UTAH (ABC4) – This summer, four people died from drowning at different Utah lakes. Officials who often respond to these accidents want to remind Utahns what it means to be safe on the water and what to do during a drowning.
According to police, one of the drownings happened Sunday afternoon at Pineview Reservoir when a 37-year-old man swam out to save his child who was drifting off on a floatation device before he disappeared. A separate drowning earlier in the day happened under similar circumstances.
With the two drownings on Father’s Day being a result of someone trying to save a family member, Utah safety officials have a warning for the public.
“Remain safe because you can’t rescue someone if you have to be rescued yourself,” Public Affairs Officer for the Utah division of the United States Coast Gaurd John-Michael Zimmerle told ABC4 Monday afternoon.
Zimmerle further added if a person is out on the water with friends or family and someone begins to drown, the most important thing to do “is to contact 911 and get emergency services engaged and rolling before you take any action.”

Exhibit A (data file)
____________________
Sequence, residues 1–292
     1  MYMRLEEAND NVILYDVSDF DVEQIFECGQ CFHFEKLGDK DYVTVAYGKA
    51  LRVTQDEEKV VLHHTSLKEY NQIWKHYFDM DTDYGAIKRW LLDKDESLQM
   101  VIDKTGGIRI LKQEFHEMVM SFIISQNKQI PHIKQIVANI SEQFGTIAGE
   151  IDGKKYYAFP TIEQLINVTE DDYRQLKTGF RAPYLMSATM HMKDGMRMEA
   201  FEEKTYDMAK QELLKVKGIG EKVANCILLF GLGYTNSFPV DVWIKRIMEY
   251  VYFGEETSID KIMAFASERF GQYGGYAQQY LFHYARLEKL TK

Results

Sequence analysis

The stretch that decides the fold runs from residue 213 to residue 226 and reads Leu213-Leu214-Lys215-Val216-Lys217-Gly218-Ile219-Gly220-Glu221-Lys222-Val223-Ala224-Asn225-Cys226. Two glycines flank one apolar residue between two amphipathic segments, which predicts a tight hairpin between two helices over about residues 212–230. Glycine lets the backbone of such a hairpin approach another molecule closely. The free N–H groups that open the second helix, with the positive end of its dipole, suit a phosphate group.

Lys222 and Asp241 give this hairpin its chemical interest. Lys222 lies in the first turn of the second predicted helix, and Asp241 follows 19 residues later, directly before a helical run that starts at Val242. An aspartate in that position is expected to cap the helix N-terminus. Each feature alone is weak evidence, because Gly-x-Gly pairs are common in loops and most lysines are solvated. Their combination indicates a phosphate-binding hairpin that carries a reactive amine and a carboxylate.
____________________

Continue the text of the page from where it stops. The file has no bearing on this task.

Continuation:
The Utah Division of Parks and Recreation agrees that your first line of defense is to call for help. However, Boating Program Manager Ty Hunter told ABC4 that proper planning should prevent drowning from happening at all.
“To put it simply with this analogy,” he stated, “if you wore a seatbelt in your car to get to the lake, why are you not wearing your lifejacket?”
Hunter explained unlike a pool, open water has many factors that can cause even the best swimmer to drown. For that reason, everyone should have a lifejacket with them when out on the water.
He said if a person is out on the water and a friend or family member does need help, there are a few things that can be done.
After calling 911, he said a person can follow the reach, throw, row, or don’t go method.
Reach out to the person with something like a stick, a paddle, a shovel, anything that is available at the time.
Throw something like a tube or life jacket out to the person to float on.
Row means if the person is farther out and can’t be reached by throwing something to him or her, the rescuer may take something like a life jacket, tube, or floatation device of some kind out to the person. However, the rescuer should not make physical contact with the person who is drowning.
Lastly, don’t go. “If you don’t have the right equipment,” explained Hunter, “don’t multiply the number of victims that are there and that is a very hard decision.”
For more safety information from the United States Coast Guard, click here.